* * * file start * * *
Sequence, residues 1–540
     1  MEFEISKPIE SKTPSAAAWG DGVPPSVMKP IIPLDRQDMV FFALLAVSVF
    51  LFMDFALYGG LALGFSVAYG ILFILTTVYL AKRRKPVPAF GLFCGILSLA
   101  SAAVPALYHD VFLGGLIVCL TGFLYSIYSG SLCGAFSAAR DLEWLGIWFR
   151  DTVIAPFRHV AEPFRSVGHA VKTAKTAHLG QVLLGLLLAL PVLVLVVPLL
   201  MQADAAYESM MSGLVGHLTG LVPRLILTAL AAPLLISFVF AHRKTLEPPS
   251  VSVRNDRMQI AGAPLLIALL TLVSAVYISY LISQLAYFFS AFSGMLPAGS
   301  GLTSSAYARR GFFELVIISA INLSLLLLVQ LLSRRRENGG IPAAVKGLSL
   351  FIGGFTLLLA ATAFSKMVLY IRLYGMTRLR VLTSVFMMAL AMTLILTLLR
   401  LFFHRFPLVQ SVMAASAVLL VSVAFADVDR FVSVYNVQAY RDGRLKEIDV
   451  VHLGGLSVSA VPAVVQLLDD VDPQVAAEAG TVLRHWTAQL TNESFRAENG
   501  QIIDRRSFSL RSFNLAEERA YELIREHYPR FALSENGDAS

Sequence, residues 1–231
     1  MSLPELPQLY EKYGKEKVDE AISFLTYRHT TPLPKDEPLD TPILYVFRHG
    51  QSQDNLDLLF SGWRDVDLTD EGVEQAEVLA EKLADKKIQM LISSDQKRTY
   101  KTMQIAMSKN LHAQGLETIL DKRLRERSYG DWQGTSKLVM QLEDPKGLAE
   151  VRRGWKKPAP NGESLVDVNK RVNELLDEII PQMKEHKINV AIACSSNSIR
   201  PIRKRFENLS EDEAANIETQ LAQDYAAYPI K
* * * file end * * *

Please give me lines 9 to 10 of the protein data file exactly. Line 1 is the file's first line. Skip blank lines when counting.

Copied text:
   351  FIGGFTLLLA ATAFSKMVLY IRLYGMTRLR VLTSVFMMAL AMTLILTLLR
   401  LFFHRFPLVQ SVMAASAVLL VSVAFADVDR FVSVYNVQAY RDGRLKEIDV